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States that hang around the bottom of various rankings (education, per capita income, etc) always joke, "Thank God for Mississippi!" You can count on the Magnolia State to make every other state look better.

I'm sure Rand Paul most sometimes think, "Thank God for Sharron Angle"! Because if it wasn't for our favorite nutcase in Nevada, we'd be hearing more about Paul's comically bad campaign for Senate in Kentucky. Witness in recent days:

  • Paul is pretty ignorant about his state:

    Rand Paul and I are trying to remember why Harlan, Kentucky, might be famous. That's where Paul is driving me, on a coiling back road through the low green mountains of the state's southeastern corner, in his big black GMC Yukon festooned with RON PAUL 2008 and RAND PAUL 2010 stickers. Something about Harlan has lodged itself in my brain the way a shard of barbecue gets stuck in one's teeth, and I've asked Paul for help. "I don't know," he says in an elusive accent that's not quite southern and not quite not-southern. The town of Hazard is nearby, he notes: "It's famous for, like, The Dukes of Hazzard."

    Actually, Harlan is famous for its coal wars which spurred the creation of the National Labor Relations Act of 1935. Kind of a big deal. And Hazard Kentucky has nothing to do with the Dukes of Hazzard. Obviously.

  • His cluelessness extends from pop culture and history, to policy.

    Renewing his attack on federal farm subsidies, Republican U.S. Senate nominee Rand Paul told a Kentucky Farm Bureau audience Thursday that three agriculture companies have received a total of more than $1 billion in aid.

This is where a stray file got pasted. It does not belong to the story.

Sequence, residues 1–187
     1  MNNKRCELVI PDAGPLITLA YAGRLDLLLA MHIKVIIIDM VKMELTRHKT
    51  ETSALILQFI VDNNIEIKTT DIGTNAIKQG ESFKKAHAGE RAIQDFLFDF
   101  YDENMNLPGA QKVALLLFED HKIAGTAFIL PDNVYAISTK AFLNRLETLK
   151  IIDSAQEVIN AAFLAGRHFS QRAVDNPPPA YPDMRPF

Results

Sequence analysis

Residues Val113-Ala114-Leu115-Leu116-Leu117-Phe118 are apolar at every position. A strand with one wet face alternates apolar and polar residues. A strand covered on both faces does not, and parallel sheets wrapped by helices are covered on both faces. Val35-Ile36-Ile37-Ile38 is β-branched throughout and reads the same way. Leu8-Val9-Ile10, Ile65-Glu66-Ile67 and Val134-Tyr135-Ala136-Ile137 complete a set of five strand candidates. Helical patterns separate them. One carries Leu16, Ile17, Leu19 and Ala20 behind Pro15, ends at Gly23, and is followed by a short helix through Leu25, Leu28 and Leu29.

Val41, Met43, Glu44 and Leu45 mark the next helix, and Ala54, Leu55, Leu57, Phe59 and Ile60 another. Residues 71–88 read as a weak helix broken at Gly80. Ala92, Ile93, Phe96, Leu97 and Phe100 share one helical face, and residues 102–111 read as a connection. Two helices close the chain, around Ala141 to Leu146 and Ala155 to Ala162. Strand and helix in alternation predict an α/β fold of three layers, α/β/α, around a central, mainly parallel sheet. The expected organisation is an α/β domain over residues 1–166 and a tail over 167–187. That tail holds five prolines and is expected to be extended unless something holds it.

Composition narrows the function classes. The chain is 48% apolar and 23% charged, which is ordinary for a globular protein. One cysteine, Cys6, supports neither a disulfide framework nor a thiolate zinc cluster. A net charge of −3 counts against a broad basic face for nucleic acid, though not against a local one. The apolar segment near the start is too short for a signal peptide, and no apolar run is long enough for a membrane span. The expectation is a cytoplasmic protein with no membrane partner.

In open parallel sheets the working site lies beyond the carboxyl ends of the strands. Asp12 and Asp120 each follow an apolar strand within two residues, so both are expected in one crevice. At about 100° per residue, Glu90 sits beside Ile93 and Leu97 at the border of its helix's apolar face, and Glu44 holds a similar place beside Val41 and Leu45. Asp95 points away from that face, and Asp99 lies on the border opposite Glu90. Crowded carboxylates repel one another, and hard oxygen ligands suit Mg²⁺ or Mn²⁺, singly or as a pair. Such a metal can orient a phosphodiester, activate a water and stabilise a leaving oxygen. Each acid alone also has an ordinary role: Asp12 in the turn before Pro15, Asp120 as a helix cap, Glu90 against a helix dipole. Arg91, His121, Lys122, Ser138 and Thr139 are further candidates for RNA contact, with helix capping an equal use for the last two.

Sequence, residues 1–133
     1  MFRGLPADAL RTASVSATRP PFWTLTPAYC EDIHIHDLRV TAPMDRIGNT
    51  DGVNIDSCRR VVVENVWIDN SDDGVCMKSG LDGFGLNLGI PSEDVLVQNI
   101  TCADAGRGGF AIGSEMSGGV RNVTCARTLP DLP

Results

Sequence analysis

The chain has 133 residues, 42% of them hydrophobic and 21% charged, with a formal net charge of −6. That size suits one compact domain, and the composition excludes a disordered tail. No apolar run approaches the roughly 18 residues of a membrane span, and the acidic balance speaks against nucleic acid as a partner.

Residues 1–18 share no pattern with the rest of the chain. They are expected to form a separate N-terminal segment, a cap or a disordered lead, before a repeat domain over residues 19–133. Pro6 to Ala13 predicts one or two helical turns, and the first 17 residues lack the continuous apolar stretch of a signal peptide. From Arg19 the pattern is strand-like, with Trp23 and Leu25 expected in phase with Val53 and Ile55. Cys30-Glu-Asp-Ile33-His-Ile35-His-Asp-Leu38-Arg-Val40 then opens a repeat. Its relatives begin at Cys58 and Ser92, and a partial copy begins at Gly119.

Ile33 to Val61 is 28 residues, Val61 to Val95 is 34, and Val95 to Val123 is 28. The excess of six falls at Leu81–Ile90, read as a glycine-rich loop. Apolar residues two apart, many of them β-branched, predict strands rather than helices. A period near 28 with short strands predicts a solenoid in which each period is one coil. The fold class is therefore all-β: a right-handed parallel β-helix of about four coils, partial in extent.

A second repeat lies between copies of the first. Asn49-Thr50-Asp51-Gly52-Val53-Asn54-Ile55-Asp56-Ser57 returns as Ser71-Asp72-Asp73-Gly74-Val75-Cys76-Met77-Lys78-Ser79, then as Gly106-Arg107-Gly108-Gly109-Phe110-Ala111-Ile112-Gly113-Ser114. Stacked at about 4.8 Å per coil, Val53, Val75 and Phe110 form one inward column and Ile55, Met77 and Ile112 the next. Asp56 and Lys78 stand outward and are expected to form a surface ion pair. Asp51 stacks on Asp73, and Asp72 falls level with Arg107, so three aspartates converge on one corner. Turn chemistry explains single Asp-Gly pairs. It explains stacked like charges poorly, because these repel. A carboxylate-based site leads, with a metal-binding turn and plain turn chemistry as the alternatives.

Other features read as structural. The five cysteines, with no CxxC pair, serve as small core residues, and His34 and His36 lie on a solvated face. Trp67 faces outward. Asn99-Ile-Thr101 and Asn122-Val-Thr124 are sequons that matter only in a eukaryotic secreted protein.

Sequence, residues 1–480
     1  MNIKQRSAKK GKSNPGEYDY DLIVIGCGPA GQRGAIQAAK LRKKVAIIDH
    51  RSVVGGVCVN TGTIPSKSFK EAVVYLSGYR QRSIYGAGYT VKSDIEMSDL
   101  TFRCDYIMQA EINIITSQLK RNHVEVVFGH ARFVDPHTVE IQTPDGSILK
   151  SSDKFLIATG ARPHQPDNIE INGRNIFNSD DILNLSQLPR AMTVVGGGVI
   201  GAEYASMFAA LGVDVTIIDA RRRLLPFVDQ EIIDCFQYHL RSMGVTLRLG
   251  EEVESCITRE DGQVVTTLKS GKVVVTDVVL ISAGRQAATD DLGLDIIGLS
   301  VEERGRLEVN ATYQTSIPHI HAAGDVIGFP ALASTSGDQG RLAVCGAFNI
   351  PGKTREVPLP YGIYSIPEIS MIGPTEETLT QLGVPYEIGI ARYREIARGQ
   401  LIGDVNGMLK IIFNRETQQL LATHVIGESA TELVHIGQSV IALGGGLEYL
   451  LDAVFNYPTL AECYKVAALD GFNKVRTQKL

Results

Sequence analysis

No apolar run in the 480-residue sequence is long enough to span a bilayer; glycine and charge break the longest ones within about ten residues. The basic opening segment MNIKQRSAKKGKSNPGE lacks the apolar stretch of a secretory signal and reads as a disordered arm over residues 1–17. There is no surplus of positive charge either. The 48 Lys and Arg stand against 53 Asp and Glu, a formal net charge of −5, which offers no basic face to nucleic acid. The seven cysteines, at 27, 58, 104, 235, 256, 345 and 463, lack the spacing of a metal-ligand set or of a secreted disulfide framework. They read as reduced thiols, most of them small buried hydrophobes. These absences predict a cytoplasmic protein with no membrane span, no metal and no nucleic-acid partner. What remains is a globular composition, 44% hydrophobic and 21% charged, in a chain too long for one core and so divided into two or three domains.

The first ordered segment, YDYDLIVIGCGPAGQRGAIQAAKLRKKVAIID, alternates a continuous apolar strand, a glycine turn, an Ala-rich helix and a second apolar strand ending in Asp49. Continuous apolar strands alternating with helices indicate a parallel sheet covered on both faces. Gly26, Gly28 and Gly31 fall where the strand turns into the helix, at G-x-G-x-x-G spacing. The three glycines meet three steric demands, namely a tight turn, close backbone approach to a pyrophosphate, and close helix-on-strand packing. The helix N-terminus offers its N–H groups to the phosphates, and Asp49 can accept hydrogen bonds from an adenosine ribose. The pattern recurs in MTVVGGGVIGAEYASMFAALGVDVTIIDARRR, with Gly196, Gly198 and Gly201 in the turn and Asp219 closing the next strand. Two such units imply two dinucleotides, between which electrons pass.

“It is really galling to people that three companies in the U.S. got a billion dollars,” he said in an appearance with his opponent, Democratic nominee Jack Conway, at Farm Bureau headquarters in Louisville.

    But, in fact, the “companies” are all cooperatives that are owned by thousands of farmers.

    Paul's spokesperson Jesse Benton confirmed their institutional ignorance:

    I don't know what a co-op is.

  • And what was Jeb Bush thinking?

    When former Florida Governor Jeb Bush hosts a fundraiser on behalf of Senate candidate Rand Paul on Monday it will symbolize, in more ways than one, the uncomfortable union of opposite poles of Republican ideology. Bush's brand of pragmatic conservatism stands in contrast to Paul's Tea Party temperament. The Kentucky Republican, likewise, often touts his independence from the GOP, citing the antiquated Republicanism of the Bush clan as an example.

    And so it seems almost appropriate that the two would team up, of all days, on the 20th anniversary of the Americans with Disabilities Act.

    Rand Paul, of course, wants to repeal the ADA.

There's a reason why this is a competitive race. Check out Jack Conway's latest internals:

Benenson Strategy Group for the Jack Conway campaign. 6/26-29. Likely voters. MoE 3.46% (No trend lines)

If the November election for U.S. Senate were held today and the candidates were…for whom would you vote?

Rand Paul (R) 44
Jack Conway (D) 44

With leaners

Rand Paul (R) 46
Jack Conway (D) 48

Approval/Disapproval/Don't know

Paul 45/37/18
Conway 42/21/37

Filter out the "don't knows", and only include respondents who know both candidates, and you get:

Rand Paul (R) 41
Jack Conway (D) 53

Paul is helping make this race competitive, and so can we. One of the keys to breaking the teabaggers will be defeating their candidates. Help Jack Conway defeat Rand Paul.


p.s. and as a bonus, check it out: Rand Paul assumes Sharron Angle will lose. Remember, even a stopped clock is right twice a day.

Originally posted to Daily Kos on Tue Jul 27, 2010 at 08:45 AM PDT.

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